Justia columnist and Cardozo law professor Marci Hamilton takes strong issue with the position of the California Catholic Conference, the lobbyist for the California bishops, on issues relating to child sex abuse. As Hamilton explains, the Conference sent a one-page letter opposing AB1628, a California bill that would effect a short extension of the child-sex-abuse statutes of limitations, and require more rigorous background checks for employees and volunteers who work closely with children. Hamilton argues that the bill should be passed, details the Conference’s objections to the bill, and concludes that those objections are meritless. She also notes that this is just one instance in which the bishops are seeking to block child-sex-abuse statute-of-limitations reform; similar efforts are being made in other states as well.
Justia columnist and Cardozo law professor Marci Hamilton takes very strong issue with Republicans’ current stances on issues that are of importance to women, such as contraception access, equal pay for equal work, violence against women, and child sex abuse. As a politically moderate woman herself, Hamilton notes that she would find it very difficult to support the package of views and proposals that the Party is offering voters this year. Interestingly, Hamilton observes that, had Rick Santorum never run for president, the other candidates and the voters might never have focused on these issues, and the issue of the economy might, instead, have dominated Republican speeches and stances in the run-up to the election. But because Santorum did run, Hamilton predicts that Mitt Romney, too, will face a very significant gender gap at the polls this year as he, too, is forced to address these issues—for female voters will likely be uncomfortable with some of his answers.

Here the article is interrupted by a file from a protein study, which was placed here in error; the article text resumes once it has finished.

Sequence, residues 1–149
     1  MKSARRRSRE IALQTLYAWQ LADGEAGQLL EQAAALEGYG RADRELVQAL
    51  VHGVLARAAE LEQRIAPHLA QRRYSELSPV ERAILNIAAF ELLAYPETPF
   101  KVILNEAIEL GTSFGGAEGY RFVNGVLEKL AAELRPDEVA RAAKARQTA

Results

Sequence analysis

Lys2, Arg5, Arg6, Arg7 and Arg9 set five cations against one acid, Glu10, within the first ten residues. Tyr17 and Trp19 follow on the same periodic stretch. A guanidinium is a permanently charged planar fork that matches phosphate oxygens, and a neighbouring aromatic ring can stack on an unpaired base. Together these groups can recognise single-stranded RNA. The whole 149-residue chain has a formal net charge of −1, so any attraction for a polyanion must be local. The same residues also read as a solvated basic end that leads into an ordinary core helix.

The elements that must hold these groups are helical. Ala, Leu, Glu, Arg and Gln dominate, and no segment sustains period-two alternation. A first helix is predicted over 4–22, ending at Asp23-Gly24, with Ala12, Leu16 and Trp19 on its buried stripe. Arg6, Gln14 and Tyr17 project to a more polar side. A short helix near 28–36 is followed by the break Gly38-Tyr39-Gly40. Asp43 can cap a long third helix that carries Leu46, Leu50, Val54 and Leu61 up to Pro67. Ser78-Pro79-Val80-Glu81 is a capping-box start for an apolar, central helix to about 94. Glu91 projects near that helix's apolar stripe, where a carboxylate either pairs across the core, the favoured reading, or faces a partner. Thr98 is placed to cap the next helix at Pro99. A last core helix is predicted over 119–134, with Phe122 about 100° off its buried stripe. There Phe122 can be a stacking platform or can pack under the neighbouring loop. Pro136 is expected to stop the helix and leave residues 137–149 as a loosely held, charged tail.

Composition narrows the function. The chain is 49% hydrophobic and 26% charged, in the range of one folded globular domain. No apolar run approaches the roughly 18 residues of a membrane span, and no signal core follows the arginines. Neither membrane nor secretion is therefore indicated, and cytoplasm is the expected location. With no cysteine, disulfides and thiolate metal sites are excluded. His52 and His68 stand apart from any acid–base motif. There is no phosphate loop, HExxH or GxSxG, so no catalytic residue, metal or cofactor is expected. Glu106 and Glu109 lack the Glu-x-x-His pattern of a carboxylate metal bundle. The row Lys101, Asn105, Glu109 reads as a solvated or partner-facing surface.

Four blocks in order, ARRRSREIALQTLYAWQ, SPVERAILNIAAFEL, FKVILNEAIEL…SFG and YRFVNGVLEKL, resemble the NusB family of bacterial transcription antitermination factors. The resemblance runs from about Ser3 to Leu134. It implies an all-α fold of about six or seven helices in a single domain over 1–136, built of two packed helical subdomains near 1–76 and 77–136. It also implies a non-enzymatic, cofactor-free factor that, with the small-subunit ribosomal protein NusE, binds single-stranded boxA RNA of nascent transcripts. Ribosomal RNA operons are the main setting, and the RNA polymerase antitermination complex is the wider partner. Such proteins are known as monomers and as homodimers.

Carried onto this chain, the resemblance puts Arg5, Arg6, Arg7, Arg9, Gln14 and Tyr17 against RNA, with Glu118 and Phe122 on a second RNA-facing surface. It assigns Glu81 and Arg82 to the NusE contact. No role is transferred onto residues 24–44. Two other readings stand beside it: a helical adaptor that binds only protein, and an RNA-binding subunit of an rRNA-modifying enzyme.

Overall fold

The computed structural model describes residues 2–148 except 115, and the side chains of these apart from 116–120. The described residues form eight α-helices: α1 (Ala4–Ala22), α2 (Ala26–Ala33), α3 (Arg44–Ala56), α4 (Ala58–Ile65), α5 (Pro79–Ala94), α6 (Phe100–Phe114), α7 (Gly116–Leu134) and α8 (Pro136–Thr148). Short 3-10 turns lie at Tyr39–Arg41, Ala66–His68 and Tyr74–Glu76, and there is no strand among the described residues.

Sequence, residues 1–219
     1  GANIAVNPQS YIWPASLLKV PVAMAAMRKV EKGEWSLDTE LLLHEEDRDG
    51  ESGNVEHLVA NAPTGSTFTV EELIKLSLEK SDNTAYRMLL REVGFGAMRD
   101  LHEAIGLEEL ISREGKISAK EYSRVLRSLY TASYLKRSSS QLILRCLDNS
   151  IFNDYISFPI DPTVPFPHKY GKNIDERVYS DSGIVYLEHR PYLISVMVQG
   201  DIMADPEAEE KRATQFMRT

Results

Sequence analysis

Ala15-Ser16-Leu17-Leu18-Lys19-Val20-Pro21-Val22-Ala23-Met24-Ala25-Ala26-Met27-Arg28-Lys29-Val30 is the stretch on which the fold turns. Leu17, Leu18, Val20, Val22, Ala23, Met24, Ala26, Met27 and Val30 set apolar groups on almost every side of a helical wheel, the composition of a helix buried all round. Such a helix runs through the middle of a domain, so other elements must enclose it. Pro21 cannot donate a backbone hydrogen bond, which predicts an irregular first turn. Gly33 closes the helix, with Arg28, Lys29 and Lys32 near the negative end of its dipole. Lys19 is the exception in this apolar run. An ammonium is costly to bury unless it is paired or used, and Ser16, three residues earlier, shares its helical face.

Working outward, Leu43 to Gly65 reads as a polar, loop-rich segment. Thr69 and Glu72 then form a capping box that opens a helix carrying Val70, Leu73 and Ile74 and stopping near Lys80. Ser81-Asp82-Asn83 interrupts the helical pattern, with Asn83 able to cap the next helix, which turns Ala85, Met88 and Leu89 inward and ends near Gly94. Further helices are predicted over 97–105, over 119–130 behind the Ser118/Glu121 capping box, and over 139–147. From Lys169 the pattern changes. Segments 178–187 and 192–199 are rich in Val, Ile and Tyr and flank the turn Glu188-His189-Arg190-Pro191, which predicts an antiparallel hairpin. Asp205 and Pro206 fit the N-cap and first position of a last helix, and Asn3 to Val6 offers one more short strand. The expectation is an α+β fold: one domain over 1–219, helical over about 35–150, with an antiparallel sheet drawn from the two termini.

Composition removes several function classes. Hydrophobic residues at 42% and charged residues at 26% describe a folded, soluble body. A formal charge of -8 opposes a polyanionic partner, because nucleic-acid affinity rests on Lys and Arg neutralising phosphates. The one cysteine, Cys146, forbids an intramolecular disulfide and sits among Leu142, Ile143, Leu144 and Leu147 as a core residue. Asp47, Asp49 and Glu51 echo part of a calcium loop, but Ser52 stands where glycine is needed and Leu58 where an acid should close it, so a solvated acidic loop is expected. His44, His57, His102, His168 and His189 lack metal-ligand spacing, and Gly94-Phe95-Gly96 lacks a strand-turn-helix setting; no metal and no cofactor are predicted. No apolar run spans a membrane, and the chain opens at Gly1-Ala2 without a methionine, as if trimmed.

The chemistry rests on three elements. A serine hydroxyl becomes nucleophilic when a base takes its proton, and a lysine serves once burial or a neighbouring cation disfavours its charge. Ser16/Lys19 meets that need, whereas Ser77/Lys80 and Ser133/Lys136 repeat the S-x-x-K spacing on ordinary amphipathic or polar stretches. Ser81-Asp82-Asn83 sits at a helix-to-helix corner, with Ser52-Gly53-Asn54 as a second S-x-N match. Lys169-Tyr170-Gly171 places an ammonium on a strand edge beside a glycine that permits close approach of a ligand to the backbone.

Justia columnist and Cardozo law professor Marci Hamilton comments on Massachusetts’s recent movement toward reforming the statutes of limitations (SOLs) for child sex abuse. In addition to covering the Massachusetts situation, Hamilton also argues that the tide is turning, nationwide, on the SOL issue. In particular, she cites progress in New York, Pennsylvania, Wisconsin, and Hawaii. Hamilton also takes strong issue with the Catholic Bishops’ contention that paying out child sex abuse claims will bankrupt them. Finally, Hamilton observes a new development in the movement against child sex abuse, and toward SOL reform in that area: Incest survivors and clergy child sex abuse survivors, Hamilton notes, are coming together to fight abuse and seek SOL reform.